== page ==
When the Last Day of the Semester Grabs Me With No-Gloved Hands


March 28, 2015. The last day of this year’s second semester.

I’ve sped through my laundry to be out early. I needed to go to school; actually, I only needed to have my final requirements printed. The trip to school via jeepney was, as always, scenic. But I couldn’t swim deeper into the morning’s visuals because my head was so set to simplifying the otherwise complex series of contingencies:

  1. Print my papers.
    1. I’d go for printing on point A. If there’s a queue, I’ll move to point point B. (I hate queues. But I still follow lines. Yet, I can’t help but hate lines, the waiting, the sudden interest that I have to put on the surfaces of walls, floors, patterns of thread in cobwebs or bag straps…)
    2. Point B. Exposed printing cubes in front of San Carlos (university).
  2. Eat brunch.
    1. I can have jjampoong on cup courtesy of that canteen. I went there and the thing I hated — queues — met me. I really tried to line, wait, and call the vendors’ attention but I really have no knack for doing all these with an assertiveness inherent in most customers. So, I went outside.
    2. I had my brunch in a carenderia. My fare consisted of dinuguan, utan (pinakbet?), one-cup of rice, and Sparkle or “Sparkol” for most of us 🙂
  3. Submit my papers. 

I thought that was it. Well, that’s the thing with lists made out in our heads; they lack the surprises that make this whole affair interesting.

As the afternoon begins to fade, and the strange glow settles down the roof, my steps rounded to a few. And that’s how I met my friends again. They’re teachers. The other one’s going through the same route as me (research) while the other one’s proceeding to wear that black garb and finally, graduate. It’s awesome: being in the same room as these guys, as it is now. We were loitering in the hall, exchanging tips on research, advisor-advisee relationships, and all. that. jazz.

It was cool talking like forever, grabbing respite off the pauses, and then launching on another tirade of rhetoric, of literary criticisms, of teacher-stuff. But it had to end. We said goodbyes and left with a smile. 😀


A poetry-reading event. I haven’t attended one ever but that night just. felt. right. I waited for my friend… And before the darkness could fully claim the day, she’s done with her paper presentation. She seems to be on edge with all the required revisions. Yet, all I had to tell her was that there’s this poetry event in this quaint pizza-place, and we were off. 😉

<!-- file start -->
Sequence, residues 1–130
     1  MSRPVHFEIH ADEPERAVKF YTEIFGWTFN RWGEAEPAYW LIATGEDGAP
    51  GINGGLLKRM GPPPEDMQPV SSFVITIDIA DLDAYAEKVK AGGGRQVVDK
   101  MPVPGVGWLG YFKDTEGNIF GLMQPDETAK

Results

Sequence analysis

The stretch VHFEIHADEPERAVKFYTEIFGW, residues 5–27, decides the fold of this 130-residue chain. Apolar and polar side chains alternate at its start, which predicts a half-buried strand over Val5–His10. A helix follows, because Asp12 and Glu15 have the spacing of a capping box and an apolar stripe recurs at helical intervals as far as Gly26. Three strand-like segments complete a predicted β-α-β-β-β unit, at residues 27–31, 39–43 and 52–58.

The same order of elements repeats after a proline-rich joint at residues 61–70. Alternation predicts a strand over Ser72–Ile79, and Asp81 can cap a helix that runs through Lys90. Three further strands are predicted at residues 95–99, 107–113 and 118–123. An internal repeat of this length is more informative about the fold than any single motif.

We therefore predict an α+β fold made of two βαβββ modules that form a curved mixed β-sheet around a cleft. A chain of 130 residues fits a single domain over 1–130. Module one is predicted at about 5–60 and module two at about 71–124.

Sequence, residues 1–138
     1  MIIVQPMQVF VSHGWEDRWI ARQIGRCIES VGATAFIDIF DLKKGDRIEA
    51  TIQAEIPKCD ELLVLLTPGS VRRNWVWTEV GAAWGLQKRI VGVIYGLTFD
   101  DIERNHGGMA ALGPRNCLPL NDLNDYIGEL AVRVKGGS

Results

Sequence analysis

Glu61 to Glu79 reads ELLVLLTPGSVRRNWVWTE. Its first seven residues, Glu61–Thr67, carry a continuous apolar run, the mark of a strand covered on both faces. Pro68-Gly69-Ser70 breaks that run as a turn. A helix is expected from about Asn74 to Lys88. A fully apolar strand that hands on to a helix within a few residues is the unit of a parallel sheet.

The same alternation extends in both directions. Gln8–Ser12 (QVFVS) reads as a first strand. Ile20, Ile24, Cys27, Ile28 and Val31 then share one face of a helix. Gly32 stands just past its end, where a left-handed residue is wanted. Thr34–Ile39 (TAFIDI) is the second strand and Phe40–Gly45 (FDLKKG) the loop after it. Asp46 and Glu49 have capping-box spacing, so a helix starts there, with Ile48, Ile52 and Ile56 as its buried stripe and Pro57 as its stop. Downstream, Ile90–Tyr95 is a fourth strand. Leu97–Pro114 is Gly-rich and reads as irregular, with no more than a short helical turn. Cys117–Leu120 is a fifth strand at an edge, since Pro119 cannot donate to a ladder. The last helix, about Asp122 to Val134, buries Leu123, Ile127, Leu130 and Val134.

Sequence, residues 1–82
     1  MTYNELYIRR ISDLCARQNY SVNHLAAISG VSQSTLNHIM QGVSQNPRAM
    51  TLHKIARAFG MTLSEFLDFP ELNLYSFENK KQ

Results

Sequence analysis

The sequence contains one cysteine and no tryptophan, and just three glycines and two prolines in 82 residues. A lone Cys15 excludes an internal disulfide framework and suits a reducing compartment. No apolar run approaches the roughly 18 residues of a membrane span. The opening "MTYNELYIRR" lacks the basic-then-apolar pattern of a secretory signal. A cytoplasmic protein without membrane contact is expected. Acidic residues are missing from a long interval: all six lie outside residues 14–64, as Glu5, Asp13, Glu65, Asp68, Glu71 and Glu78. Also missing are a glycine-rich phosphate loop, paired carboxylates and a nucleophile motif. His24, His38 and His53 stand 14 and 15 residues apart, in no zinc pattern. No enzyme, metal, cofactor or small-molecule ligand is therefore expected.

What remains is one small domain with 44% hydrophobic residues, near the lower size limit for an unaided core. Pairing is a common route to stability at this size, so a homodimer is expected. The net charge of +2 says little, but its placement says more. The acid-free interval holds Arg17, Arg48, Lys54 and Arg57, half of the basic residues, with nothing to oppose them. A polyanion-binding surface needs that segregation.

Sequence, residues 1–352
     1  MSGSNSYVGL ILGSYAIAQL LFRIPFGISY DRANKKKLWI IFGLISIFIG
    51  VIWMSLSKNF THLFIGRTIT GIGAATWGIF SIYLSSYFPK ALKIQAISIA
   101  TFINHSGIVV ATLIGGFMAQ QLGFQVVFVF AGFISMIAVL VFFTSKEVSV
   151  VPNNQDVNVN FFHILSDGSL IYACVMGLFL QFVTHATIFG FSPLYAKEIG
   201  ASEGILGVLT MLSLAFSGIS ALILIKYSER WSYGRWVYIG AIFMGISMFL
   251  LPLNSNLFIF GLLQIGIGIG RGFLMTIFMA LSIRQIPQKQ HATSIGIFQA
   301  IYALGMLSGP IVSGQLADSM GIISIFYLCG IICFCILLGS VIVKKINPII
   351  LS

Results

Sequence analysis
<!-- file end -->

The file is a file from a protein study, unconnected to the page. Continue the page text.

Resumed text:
I opened the door, yet, we we’re still out. My old-friends and new acquaintances seemed too shy to take a step closer, and join these poem-loving creatures. I wasn’t exactly shy but I didn’t feel like going head on to some new nest. ;P

We heard someone say “come in” real loud; a collective giggle follows and I could tell, they were really excited to see a whole lot of us. As we settled in, a wee tiny notebook is passed: it collects poets, poem-readers/performer’s names. Every one or group or clique was tucked in each corner of sofa seats; we were on the left, on a table set for six to eight people. And then one by one, girls and guys of ages that ranged from young adult to adult to senior stood or rather, sat in front. They had with them their wee tiny notebooks, smartphones, laptops, and memories. They read their poem with the voice that does more than just reading. Words were spilled and the night heard at least four mediums: English (our second language), Filipino (first language), Cebuano (our local dialect), and yes, Waray too!

It was a bevy of feelings that flood to make you feel sad, happy, pained, suffer, forget, remember… Ultimately, it made ME feel something. And that’s good; hell, it’s healthy. In a world of self-anesthetized remedies, it’s good to gather in a group and foster this feeling of… of letting some things go to welcome the “other” things; to be surrounded with people who deliberately collect shards of their broken selves, the residue called ashes


Soon, it had to end. But the night was still too young and I received an invitation via text.

Another session; my kind of fun.


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When snakes kiss


You’re lucky; I like snakes.

Those medusa-locks of yours

have been teasing me.

They’ve been waltzing —

with the wind that

only jeepney rides can


And when their heads touched

my cheek, they kissed it.

I’ve got wet kiss-marks on my cheeks now.

I guess I’m lucky, too.

B is for …


You call it ‘bored’ when you’re bored. When your doing nothing. When whatever it is that you’re doing does not interest you. This is the curse of repetition.


And I wonder: how can I save myself? How?

The smartypants in my head said “finish it already.” Wrap up every loose end of your research paper. When it is done, the torture will be over.

I want to believe that. But I can’t do a make-do research. There’s no way I could whip everything up. I’m no longer used to making things for the sole purpose of meeting a requirement.




You saw my dirt

You saw my flaws

Amidst the stain

That wrap your paws

Pointing it out

In disguise of my

Own so-called benefit

You rule it out

Like one grand judge

Clean out of smudge

Oh hypocrite

You look at me

As if I’m dirt

Must have forgot

The strokes




For those of you wondering, “muta” is the local Filipino term for that yellowish stuff in your eye.

Wikipedia calls it “rheum” though.